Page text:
We’ve written plenty about Buc-ee’s, because why wouldn’t we? From the magnificent bathrooms to the homegrown success of the company, Buc-ee’s is neat. Ask anybody who’s accidentally spent an hour inside what’s nominally a convenience store—it’s a sight to behold.
If you’re a town—or even a small-to-midsized city—along the interstate, there’s plenty of reasons to want a Buc-ee’s in the area. Anybody planning on stopping anyway is likely to be taken in by the bucktoothed visage of Buc-ee’s grimacing beaver logo, knowing that it signals a staggering array of jerkies, gas station barbecue, and fudge. Even for locals, a trip to the store is a fine way to kick off a Friday night.
It may seem impossible to put a dollar value on having a Buc-ee’s move into your community, but the Denton City Council managed to do it to the tune of $8.1 million. That’s the amount in sales tax reimbursements that the city approved for the company’s plan to develop thirty-eight acres along I-35 East into yet another massive project. As the Denton Record-Chronicle reports, though, it wasn’t a unanimous decision:
Marc Moffitt, a resident of Wind River Estates, said he doesn’t see a public benefit to the project, so the developer shouldn’t be able to get public funds through grants and sales tax rebates from the city.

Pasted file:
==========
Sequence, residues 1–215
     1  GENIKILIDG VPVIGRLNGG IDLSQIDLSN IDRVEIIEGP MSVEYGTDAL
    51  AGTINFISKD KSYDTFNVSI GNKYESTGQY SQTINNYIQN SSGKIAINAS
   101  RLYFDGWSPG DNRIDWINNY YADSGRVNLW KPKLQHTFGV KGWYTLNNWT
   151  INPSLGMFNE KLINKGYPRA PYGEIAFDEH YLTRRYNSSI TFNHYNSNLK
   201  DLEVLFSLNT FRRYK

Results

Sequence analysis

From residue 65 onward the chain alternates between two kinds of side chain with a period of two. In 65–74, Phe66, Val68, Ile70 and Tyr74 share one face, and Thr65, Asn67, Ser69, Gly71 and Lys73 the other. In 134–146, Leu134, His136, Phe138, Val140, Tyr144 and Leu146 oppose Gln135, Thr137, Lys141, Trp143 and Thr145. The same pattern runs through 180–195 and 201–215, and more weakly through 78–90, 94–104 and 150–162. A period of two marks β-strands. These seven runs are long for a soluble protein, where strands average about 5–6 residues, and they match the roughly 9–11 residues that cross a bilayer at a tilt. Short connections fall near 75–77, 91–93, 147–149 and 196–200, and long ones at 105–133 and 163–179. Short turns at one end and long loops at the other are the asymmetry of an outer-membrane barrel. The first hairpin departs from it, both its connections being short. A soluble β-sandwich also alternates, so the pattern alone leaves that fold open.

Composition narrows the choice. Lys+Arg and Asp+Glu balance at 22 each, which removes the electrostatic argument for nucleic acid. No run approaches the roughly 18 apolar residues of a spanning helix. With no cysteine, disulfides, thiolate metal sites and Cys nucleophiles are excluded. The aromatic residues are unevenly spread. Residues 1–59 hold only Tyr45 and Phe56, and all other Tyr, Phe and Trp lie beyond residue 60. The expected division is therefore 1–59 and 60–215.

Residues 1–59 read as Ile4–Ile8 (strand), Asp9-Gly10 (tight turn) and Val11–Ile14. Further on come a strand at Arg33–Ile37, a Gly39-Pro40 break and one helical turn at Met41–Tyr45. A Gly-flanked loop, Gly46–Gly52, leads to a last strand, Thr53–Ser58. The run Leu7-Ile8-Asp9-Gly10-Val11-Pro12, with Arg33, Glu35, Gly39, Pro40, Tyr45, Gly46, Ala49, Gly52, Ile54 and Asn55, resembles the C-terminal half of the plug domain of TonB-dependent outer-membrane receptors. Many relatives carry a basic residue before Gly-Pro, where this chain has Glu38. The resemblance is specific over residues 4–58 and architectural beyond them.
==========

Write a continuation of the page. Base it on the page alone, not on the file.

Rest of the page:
“There is no public benefit for this property and this development,” he said. “Buc-ee’s is a good business, a good business model, it’s very, very successful, big store sales, all that kind of stuff. It shouldn’t need public funding to be successful. It is un-prudent, unwise public policy.”
Another concern was the project’s proximity to the Southridge and Wind River neighborhoods, with more than 100 residents attending a community meeting Nov. 11. Right now, 27 homeowners share property lines with the project, and on average, they are about 400 feet from the proposed building.
Nobody had a bad word to say about Buc-ee’s, but not everybody thought that they should be paying to put one in their neighbors’ backyards. That’s a fair point (though if those homes have crowded bathrooms, the residents could benefit from the increased availability that is, in all likelihood, cleaner than your toilet at home), but it appears that Buc-ee’s went on a press-the-flesh campaign to convince homeowners of the value of the space being close to their properties. Arch Aplin, the company’s founder, personally took a neighbor whose property is less than 220 feet from the building out for pizza to make his case, according to the Record-Chronicle.
“I’m one of those unrealistic people who would love to see [landowner John] Sparky [Pearson] leave that field empty, but I don’t suspect he’s that crazy to do it, and if I were him, I wouldn’t either,” neighbor Jeremy Moon told the paper, having been swayed that a backyard Buc-ee’s would beat some of the potential alternatives. Better the bucktoothed devil you know than the potential Walmart is a fair, if narrow, bit of advice to take through life, and we’ll hope that things turn out well for Moon, his neighbors, the people of Denton, and their $8.1 million investment in claiming the newest massive (52,000-square-foot, 92-gas-pump) Buc-ee’s in Texas.